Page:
Thursday, April 10, 2008

The Public Domain

And so it seems that copyright is everywhere...

I woke this morning to the hosts of the TripleJ breakfast program (radio) discussing the impending launch of a new competition. The only problem was they had just discovered the song they wanted to use was still protected by copyright. It seems they were going to use a song that had been written 50 years ago until they were advised by listeners that the copyright term is in fact fifty years from the death of the artist, so they were trying to find out which artists had died in 1958 (see guestbook entries for 10/4/2008).

Never let it be said that the impact of copyright is invisible – it's not – those that don’t readily experience it simply don’t know that it is there. Those that are aware of it see the conflict it creates, everyday single day.

They were lucky in this instance that they only had to go back fifty years – fortunately in Australia the copyright term extension, negotiated as part of the USA Free Trade Agreement, was not made retrospective. Future generations are going to have to go back a lot further than this, as today’s works are now covered for 70 years plus the life of the author.

I was interested to read on Planet Creative Commons (more on Planets here) that James Boyle is due to release a new book later in the year examining this very topic:

The Public Domain: Enclosing the Commons of the Mind ... will be published by Yale University Press in Fall of 2008 under a CC Attribution-NonCommercial license... The book is about the fate of the public domain – the realm of material that is available for everyone to use without permission or fee. The book argues that we have been neglecting the vital role of the public domain in innovation, culture, science and politics and increasingly “enclosing it” by expanding the length, breadth and scope of intellectual property rights – copyright, patent and trademark – to cover material that used to be in the public domain... (Read more about the book here as well as the competition for designing the front cover.)

But while the law attempts to further restrict access to the public domain, digital technologies are making it easier to access what works are free from copyright protection. Another very interesting post to Planet Creative Commons explains how the Powerhouse Museum in Sydney has become the first museum in the world to release publicly-held historical photographs. Two hundred photographs from its Tyrrell Collection are already available with more to be added shortly. These can be accessed on Flickr: The Commons which itself was only launched at the beginning of this year and is designed to provide access to photographs in public archives for which copyright protection has expired. The post to the museum's blog regarding the release explains:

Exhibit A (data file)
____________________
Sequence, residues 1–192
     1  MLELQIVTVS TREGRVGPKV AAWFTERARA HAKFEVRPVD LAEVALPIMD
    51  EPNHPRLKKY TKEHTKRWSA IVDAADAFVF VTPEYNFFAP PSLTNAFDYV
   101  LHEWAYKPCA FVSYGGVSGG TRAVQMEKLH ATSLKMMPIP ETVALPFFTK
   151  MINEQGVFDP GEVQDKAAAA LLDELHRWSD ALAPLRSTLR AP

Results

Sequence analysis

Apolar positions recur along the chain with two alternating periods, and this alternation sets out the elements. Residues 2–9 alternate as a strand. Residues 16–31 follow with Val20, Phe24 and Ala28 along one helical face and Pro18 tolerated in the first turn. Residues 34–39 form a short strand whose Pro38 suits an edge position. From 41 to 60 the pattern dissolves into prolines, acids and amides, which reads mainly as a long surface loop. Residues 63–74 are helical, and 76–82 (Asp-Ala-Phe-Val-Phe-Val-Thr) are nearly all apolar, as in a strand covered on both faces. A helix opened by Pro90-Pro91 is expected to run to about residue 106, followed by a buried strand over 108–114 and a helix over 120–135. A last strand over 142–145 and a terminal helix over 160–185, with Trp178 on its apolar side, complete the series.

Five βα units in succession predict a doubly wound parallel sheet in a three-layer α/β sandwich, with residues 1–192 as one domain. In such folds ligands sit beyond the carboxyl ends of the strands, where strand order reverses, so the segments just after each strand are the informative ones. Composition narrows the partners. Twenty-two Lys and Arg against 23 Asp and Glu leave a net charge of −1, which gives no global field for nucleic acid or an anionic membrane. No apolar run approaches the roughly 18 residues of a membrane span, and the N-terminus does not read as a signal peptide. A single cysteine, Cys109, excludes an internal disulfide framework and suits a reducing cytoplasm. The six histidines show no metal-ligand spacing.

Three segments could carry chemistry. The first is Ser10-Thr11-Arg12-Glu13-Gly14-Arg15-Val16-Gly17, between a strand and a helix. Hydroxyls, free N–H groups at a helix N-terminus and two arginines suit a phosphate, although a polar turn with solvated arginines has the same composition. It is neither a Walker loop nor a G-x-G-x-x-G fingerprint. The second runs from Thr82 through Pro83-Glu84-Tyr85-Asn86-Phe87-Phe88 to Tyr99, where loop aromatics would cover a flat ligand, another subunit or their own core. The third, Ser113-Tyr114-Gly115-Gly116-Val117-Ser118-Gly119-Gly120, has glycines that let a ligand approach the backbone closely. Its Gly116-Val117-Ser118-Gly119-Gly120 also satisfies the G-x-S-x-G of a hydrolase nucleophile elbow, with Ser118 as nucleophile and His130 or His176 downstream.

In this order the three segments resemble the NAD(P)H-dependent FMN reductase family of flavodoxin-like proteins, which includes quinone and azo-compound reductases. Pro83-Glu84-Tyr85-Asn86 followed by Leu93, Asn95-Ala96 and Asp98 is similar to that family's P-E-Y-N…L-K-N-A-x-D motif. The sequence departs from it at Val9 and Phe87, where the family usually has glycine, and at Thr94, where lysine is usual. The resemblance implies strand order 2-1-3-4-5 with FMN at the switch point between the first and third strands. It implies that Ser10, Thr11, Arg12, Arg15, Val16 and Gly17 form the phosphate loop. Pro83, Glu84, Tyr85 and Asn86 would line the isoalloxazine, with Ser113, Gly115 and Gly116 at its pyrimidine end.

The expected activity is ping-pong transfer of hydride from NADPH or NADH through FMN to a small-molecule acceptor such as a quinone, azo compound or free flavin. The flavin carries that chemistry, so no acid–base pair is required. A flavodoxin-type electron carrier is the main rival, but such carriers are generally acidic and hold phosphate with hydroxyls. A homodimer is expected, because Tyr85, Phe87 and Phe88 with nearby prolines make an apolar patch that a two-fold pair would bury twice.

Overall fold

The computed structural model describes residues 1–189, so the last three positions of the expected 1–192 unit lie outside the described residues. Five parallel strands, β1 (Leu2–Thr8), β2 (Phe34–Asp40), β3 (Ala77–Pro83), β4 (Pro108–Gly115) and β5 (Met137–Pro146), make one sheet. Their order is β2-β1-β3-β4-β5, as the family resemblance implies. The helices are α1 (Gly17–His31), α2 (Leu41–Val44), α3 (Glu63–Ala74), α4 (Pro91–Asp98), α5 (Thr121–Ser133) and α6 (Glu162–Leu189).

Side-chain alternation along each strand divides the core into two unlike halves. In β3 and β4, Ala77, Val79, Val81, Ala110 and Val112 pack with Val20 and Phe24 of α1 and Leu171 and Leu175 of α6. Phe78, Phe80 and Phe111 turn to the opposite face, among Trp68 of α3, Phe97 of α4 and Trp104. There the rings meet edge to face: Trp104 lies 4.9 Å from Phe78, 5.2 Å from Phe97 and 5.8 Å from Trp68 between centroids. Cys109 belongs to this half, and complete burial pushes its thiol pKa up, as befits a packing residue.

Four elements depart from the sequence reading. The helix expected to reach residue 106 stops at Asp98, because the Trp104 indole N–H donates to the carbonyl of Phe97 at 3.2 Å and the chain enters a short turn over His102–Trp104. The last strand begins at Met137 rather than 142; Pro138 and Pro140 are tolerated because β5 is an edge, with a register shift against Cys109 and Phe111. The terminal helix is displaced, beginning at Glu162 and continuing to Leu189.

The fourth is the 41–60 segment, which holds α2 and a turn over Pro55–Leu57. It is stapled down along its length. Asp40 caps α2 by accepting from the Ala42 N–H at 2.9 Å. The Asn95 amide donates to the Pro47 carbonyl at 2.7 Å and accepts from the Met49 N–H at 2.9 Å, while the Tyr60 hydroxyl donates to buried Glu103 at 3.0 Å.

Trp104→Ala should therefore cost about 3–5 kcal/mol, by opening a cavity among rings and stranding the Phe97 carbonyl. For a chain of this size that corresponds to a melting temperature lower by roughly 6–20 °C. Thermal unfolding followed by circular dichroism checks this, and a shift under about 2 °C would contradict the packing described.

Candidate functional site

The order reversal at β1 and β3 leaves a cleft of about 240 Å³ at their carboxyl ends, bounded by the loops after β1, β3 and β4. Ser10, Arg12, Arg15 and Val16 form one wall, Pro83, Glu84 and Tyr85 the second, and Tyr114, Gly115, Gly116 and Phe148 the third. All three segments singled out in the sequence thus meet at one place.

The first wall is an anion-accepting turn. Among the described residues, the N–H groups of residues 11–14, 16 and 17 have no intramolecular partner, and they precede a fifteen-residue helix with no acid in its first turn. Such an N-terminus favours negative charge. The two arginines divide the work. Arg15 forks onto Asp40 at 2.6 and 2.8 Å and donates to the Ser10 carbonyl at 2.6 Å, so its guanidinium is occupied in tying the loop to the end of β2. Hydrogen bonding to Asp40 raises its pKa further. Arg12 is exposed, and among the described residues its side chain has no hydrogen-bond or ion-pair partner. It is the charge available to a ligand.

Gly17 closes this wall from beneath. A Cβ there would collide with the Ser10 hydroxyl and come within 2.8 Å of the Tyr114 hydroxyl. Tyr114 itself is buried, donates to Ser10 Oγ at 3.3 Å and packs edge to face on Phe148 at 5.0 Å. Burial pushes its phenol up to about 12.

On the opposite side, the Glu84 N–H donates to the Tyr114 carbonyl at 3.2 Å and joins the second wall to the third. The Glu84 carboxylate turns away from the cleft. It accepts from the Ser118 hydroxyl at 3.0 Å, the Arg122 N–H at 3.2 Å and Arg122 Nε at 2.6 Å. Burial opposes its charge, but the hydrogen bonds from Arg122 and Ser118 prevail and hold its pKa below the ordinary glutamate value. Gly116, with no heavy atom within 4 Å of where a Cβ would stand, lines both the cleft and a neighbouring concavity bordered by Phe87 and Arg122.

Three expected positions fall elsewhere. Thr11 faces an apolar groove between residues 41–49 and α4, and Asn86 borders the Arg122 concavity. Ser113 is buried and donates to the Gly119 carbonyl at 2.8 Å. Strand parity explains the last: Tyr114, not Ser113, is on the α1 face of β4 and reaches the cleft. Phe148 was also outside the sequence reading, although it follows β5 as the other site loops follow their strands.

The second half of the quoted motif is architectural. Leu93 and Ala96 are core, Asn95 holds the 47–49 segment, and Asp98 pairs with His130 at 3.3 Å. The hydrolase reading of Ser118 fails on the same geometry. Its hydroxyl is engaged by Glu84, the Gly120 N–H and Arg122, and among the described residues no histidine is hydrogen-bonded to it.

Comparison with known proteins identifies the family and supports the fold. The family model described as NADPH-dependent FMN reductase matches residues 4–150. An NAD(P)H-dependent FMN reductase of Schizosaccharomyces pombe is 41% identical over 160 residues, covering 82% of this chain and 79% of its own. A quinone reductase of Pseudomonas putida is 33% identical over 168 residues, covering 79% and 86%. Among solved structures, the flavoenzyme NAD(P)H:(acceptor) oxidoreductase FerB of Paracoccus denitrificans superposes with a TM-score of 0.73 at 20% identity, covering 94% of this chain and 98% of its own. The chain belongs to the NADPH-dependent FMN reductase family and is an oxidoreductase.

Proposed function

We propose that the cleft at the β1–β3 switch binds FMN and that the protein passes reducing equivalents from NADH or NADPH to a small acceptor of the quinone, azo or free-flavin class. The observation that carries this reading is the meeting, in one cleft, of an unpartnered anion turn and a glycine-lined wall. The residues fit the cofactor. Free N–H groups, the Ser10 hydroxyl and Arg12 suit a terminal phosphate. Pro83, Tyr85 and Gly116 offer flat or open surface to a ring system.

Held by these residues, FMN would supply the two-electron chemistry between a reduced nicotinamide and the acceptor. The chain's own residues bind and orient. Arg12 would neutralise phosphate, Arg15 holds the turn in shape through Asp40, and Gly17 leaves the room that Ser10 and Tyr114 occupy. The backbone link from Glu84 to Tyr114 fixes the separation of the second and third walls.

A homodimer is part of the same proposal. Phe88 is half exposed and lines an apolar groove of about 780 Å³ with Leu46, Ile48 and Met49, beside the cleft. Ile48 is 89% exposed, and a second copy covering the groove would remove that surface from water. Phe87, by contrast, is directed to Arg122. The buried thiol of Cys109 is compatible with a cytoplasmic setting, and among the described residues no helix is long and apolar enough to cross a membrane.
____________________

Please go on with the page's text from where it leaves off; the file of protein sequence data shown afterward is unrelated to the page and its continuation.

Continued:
Our Tyrrell Collection consists of 7903 plates from the two principal photographic studios in Sydney in the late 1800s to early 1900s. These were the Charles Kerry and the Henry King studios... These images are mainly of the Sydney area with a few from regional spots... One of the exciting things we have done with this collection is place as many of them on a map according to their longitude and latitude coordinates as we can, this is called geo-mapping. The image above is ‘Bondi Bay, Sydney’, Henry King, Sydney, Australia, c. 1880-1900. This reproduction was scanned from a glass plate negative. We are going to post Tyrrell images on this blog for the next week to celebrate and will continue to highlight them in the future.

I think this picture captures an essence of the public domain - people, together, exploring and enjoying the environment. Just as we would never stand for private control of Bondi, we should work together to prevent the private control of our culture.

Triple J Breakfast <> at 10 April 2008

Planet Creative Commons <> at 10 April 2008

Wikipedia, Aggregator (7 April 2008)
<> at 10 April 2008

Planet Creative Commons, Design cover for James Boyle’s new book — Public Domain: Enclosing the Commons of the Mind (7 April 2008) <> at 10 April 2008

Amazon, The Public Domain: Enclosing the Commons of the Mind by James Boyle <> at 10 April 2008

Planet Creative Commons, Design a book cover, protect the public domain (7 April 2008)
<> at 10 April 2008

Planet Creative Commons, Powerhouse Museum Joins Flickr: The Commons (8 April 2008) <> at 10 April 2008

Power House Museum, Powerhouse joins The Commons on Flickr! (8 April 2008) <> at 10 April 2008

Flickr, The Commons (2008) <> at 10 April 2008

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